However, such beliefs have been shaken in recent years by the discovery that although wider tyres offer a greater contact area with the road and therefore more traction, this results in a lower rolling resistance when run at lower pressures. Whilst this had us wondering if super wide tyres are the way to go, Hank's experience at Cheddar Gorge made him prefer the middle ground.

When asked by Alex which of the three tyre widths would be his choice going forward, Hank had the 35mm tyres earmarked.

"I think I would go for the 35mm, just because the 26mm were slightly uncomfortable to ride having been on the fatter tyres. And the [50mm] was the most comfortable, it gave me the most confidence but it did just feel cumbersome and slow. The 35mm was just that good middle ground."

So, are 35mm tyres the way forward? Not necessarily.

35mm tyres are wider than what most road bikes have the clearance for, hence the need for Hank to run a Canyon gravel bike. We must also acknowledge the impact of weight, aerodynamics and tyre rubber compound - as the width of a tyre is not the only important factor when deciding on how to kit out your bike.

But what this experiment did tell us that on the whole, it would be a good idea for many riders - including you, Andrea Tafi - to consider adopting a wider tyre than would usually be preferred. This may improve the control and comfort when riding, whilst even offering a greater overall riding speed.

What width tyres do you run, and why? Let us know in the comments below!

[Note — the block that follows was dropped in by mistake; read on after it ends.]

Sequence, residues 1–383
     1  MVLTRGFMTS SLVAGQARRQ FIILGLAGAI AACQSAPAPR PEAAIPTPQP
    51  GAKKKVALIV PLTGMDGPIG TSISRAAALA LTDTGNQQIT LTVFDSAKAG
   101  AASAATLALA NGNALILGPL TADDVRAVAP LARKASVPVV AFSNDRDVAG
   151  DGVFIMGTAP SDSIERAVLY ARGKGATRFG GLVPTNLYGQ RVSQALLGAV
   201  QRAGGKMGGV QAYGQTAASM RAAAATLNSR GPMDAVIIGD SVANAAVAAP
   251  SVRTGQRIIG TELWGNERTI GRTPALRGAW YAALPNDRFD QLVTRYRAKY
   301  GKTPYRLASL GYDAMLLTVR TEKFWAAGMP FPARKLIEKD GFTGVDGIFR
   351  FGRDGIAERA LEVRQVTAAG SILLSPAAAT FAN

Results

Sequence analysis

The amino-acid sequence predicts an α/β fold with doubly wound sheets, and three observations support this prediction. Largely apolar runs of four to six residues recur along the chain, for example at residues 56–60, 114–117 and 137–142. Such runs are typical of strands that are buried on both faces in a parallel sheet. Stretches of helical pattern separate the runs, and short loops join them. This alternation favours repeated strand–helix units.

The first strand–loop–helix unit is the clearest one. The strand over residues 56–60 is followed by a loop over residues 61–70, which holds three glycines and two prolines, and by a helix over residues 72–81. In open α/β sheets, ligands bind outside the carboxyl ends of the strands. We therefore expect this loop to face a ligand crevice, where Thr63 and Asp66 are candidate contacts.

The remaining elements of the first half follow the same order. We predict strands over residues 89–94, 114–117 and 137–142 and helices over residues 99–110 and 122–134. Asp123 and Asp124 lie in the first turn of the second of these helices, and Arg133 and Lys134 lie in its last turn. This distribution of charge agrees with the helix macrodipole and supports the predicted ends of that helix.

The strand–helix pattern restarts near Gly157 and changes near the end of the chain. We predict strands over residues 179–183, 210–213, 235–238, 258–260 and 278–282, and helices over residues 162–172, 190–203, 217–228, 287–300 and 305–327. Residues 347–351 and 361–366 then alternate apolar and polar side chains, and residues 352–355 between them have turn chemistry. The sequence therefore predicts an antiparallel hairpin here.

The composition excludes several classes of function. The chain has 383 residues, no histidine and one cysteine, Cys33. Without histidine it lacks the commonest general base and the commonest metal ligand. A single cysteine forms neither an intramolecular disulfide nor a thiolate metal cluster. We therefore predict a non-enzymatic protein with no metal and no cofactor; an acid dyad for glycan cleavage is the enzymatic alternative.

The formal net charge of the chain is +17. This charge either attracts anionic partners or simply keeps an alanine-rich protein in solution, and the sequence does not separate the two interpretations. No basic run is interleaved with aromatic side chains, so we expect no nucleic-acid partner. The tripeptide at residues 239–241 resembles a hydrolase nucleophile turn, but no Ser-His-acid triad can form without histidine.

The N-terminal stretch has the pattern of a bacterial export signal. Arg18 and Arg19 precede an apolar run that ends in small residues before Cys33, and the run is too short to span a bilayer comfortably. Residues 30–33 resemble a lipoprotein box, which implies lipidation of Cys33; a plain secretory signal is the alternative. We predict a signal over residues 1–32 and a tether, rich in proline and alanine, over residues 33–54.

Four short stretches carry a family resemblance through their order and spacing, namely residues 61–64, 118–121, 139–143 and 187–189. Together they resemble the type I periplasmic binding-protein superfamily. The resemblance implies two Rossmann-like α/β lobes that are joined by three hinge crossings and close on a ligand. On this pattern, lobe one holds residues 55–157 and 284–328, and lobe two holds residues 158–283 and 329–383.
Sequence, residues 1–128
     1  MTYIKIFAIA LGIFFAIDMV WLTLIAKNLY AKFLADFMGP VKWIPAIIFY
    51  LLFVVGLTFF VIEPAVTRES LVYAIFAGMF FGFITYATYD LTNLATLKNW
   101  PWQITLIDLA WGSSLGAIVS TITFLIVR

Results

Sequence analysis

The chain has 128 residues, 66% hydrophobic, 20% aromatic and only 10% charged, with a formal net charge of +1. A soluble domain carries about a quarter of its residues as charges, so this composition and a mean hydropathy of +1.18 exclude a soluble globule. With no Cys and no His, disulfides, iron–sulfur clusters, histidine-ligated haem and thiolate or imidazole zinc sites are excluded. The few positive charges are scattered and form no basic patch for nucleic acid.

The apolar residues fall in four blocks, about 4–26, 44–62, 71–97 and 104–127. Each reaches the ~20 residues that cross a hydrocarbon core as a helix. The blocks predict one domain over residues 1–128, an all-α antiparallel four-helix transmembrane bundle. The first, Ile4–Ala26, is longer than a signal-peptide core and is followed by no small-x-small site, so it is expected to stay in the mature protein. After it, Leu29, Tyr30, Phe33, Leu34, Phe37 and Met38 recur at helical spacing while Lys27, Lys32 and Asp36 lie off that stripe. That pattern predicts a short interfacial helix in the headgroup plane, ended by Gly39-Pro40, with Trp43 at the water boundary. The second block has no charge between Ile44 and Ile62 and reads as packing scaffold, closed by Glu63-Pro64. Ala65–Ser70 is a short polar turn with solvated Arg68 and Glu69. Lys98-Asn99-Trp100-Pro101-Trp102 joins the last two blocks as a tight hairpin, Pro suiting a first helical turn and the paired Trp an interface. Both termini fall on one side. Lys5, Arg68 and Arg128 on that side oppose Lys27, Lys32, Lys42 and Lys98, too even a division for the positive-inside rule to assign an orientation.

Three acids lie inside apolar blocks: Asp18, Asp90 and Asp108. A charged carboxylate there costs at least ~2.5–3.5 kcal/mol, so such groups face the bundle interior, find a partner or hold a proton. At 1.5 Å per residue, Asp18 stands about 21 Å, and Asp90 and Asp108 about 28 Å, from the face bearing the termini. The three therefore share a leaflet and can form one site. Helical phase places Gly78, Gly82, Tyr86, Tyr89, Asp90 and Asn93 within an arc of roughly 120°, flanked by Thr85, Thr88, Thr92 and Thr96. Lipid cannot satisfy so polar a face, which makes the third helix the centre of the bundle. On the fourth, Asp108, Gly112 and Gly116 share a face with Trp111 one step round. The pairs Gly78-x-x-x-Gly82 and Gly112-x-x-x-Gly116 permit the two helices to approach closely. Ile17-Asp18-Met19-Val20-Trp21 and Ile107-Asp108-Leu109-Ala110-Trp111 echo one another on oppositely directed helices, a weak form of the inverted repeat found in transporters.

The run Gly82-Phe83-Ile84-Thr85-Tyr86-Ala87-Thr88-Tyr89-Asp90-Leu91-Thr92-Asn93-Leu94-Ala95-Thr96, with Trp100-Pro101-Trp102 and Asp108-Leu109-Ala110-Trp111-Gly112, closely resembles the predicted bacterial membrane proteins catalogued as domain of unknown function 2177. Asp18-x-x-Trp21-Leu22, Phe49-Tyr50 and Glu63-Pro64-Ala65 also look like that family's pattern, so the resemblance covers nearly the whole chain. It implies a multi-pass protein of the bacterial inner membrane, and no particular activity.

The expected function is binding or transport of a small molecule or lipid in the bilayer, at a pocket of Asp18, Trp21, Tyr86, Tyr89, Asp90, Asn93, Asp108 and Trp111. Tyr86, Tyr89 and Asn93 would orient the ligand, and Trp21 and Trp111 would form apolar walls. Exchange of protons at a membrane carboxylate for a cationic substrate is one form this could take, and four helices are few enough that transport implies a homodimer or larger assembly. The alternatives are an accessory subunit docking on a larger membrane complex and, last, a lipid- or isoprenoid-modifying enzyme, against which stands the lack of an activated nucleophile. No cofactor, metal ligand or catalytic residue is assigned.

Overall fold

Related Content

Link to Five common descending mistakes to avoid
YouTube video mPNs60fFy1g

Five common descending mistakes to avoid

Conor Dunne explains the art of descending and the mistakes you might be making

Link to Complete guide to road cycling tyres
Everything you need to know about road tyres

Complete guide to road cycling tyres

Everything you need to know about road tyres: how they work, the different types and sizes, the jargon and more

Link to Are puncture-proof tyres any good?
We bought puncture-proof tyres, are they any good?

Are puncture-proof tyres any good?

Our guide to the pros and cons of puncture-proof tyres

Link to GCN Tech Clinic: Why do tubeless tyres have less rolling resistance?
YouTube video kJrJi-1Oix8

GCN Tech Clinic: Why do tubeless tyres have less rolling resistance?

Alex is joined by Tom Sturdy to answer your latest tech questions

Subscribe to the GCN Newsletter

Get the latest, most entertaining and best informed news, reviews, challenges, insights, analysis, competitions and offers - straight to your inbox